Virginia Woolf’s belief that the power of imagination holds the key to personal liberation of mental entrapment is a valid statement and one that I agree with. Imagination is defined as “the power or capacity to form internal images or ideas… and situations not actually present to the senses” (“imagination, n.”, OED). Therefore, it can be interpreted as another level of reality. An entrancing state that holds the key to innovation, as the human mind is open to limitless possibilities.
“There is the strange power we have of changing facts by the force of the imagination.”– Virginia Woolf
Woolf’s stream-of-consciousness style of writing exposes the power of imagination, revealing her inner-most thoughts through a continuous flow. This is particularly evident, within her novel ‘Mrs Dalloway’ (1925), through the character of Septimus Warren Smith. He perceives the world in a different manner than most, as a result of suffering from ‘shell-shock’ (PTSD) after war. Medical professionals and his wife fail to recognise his condition as they are enslaved by the constructs of society. Thus, Septimus’ mind is a powerful tool enabling him to escape his internal suffering and experience mental freedom.
Similarly to Septimus, society today has become shackled to the effects of coronavirus. We have faced societal restrictions and had to transition to online learning and work, making it difficult to escape the continuous mundane routine forced upon us. Wake up, attend virtual classes, go to work, come home, complete uni assessments, sleep, repeat. Therefore, by utilising the power of our imagination in such difficult and mentally straining times, it motivates us to look forward towards the future, away from the shackles of today.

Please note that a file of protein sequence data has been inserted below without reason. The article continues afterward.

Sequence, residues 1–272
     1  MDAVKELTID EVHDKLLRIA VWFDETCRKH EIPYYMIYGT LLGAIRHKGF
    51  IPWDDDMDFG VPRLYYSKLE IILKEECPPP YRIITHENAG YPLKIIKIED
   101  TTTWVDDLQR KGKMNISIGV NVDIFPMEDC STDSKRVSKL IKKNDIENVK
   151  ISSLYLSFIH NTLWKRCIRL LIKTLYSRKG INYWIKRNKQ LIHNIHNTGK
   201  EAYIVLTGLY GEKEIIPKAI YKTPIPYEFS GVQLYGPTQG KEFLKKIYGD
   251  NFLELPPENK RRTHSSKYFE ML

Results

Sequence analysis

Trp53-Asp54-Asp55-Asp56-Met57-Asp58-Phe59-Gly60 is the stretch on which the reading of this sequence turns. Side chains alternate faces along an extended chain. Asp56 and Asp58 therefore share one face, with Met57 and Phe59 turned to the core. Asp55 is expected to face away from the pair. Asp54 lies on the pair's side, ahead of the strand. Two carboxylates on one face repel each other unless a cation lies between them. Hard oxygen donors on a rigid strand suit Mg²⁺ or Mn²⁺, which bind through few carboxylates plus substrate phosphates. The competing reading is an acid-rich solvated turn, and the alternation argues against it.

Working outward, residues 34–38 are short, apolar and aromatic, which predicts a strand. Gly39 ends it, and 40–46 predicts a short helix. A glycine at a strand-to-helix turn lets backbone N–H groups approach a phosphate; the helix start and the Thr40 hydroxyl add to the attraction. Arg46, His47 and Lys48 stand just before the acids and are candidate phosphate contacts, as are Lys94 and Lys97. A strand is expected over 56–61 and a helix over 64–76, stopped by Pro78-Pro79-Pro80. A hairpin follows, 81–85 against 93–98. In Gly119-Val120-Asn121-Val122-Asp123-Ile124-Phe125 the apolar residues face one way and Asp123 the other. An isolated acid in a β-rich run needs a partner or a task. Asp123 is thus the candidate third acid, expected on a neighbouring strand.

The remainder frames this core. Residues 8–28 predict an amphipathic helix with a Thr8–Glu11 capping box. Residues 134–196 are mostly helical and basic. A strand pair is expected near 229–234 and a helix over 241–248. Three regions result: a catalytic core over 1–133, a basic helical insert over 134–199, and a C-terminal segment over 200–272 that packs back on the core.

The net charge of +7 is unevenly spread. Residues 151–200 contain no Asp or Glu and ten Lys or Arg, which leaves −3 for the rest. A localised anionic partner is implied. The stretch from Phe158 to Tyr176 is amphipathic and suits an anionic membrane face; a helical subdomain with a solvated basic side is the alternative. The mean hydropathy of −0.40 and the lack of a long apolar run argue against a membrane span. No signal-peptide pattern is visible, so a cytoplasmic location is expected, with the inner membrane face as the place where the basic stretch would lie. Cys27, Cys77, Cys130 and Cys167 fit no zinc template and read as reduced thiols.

Thus, Woolf’s belief in the power of imagination is a significant tool which individuals can reflect on and use as a way to let go of suffering and instead, become liberated. It allows us to envision an idealistic world we one day want to become a reality.
Definition sourced from: “imagination, n.” OED Online, Oxford University Press, September 2020, http://www.oed.com/view/Entry/91643. Accessed 16 September 2020.
Video sourced from: https://youtu.be/LIYNk4ARUR8